15 October 2015
Employment status cases ‘particularly fact sensitive’
Cases concerning the exact employment status of an individual are particularly fact sensitive.
In Suhail v Barking, Havering and Redbridge University Hospitals NHS Trust and Another, the Employment Appeal Tribunal (EAT) found that a GP who provided his services to an NHS Trust through a cooperative was neither an employee nor a worker for the purposes of employment law.
Dr Suhail sometimes worked as an out-of-hours GP in Rotherham, where his parents lived, and sometimes provided out-of-hours services in Hertfordshire. In addition, he had also signed a membership agreement with the Partnership of East London Cooperative (PELC), a not-for-profit organisation that assists in finding work for GPs. From time to time, PELC provided Dr Suhail's services to the Urgent Care Centre at Queen's Hospital in East London, which is operated by the Barking, Havering and Redbridge University Hospitals NHS Trust.
He was described in the agreement as a self-employed contractor, rendering invoices that were paid without deduction of Income Tax and National Insurance Contributions. PELC was under no obligation to provide him with work and he was not obliged to accept assignments when offered.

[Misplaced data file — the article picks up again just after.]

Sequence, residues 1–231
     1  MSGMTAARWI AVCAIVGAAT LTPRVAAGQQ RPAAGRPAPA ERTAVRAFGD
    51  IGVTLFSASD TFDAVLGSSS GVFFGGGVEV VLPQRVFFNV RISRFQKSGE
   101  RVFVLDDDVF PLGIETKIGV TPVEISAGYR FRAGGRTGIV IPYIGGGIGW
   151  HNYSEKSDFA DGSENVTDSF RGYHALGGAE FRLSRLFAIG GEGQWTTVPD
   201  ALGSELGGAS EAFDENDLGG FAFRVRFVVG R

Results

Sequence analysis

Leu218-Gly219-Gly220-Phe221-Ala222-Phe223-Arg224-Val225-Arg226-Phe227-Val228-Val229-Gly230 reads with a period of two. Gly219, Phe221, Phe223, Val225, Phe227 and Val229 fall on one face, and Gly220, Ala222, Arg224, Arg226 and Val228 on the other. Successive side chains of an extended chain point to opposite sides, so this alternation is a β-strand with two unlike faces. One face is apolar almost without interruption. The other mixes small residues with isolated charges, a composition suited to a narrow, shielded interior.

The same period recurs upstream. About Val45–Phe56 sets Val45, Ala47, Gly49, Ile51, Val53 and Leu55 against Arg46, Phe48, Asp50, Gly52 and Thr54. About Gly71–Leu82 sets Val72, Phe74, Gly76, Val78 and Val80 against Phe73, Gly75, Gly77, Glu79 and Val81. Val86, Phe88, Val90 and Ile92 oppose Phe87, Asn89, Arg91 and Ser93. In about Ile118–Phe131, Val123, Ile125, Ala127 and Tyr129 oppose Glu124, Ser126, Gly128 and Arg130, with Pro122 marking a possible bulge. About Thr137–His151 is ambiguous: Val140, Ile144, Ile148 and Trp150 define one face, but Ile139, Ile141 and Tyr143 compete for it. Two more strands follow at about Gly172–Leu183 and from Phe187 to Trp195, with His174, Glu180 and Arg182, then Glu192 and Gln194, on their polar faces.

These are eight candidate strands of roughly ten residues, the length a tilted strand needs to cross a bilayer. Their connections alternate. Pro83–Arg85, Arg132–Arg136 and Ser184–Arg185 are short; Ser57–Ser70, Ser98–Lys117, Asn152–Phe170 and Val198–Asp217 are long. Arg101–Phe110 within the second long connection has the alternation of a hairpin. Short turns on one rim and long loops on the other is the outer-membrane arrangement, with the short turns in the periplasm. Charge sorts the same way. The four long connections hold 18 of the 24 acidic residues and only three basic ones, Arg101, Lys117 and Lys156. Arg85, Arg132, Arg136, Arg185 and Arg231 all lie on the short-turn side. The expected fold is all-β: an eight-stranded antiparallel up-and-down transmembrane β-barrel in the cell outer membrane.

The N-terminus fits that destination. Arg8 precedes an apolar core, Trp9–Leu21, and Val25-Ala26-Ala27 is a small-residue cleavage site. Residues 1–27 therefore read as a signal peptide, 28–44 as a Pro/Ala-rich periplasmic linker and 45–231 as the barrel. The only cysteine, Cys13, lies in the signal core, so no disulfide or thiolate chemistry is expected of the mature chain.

The Employment Tribunal had found that Dr Suhail's employment relationship with PELC or the Trust was neither that of employee nor worker. This decision was upheld on appeal. In deciding whether or not he had the status of worker, the EAT made particular reference to the case of Hospital Medical Group Limited v Westwood, in which Dr Westwood was judged to be a worker even though he had other 'jobs'.
The key finding of fact was that he had agreed to provide his services as a hair restoration surgeon exclusively to Hospital Medical Group. He did not offer that service 'to the world in general' and he was recruited to work for the group as an integral part of its operations.
On the facts of the present case, such exclusivity was 'wholly missing'. Dr Suhail was free to work when he wanted and for whomsoever he chose and could contract with whatever agency offered him the most attractive work. The relationship between him and the organisations he worked for was that of a provider of services to a customer or client.
Employers should ensure that any written documentation that is intended to clarify the exact nature of someone's employment status reflects the reality of the working relationship and the intentions of both parties.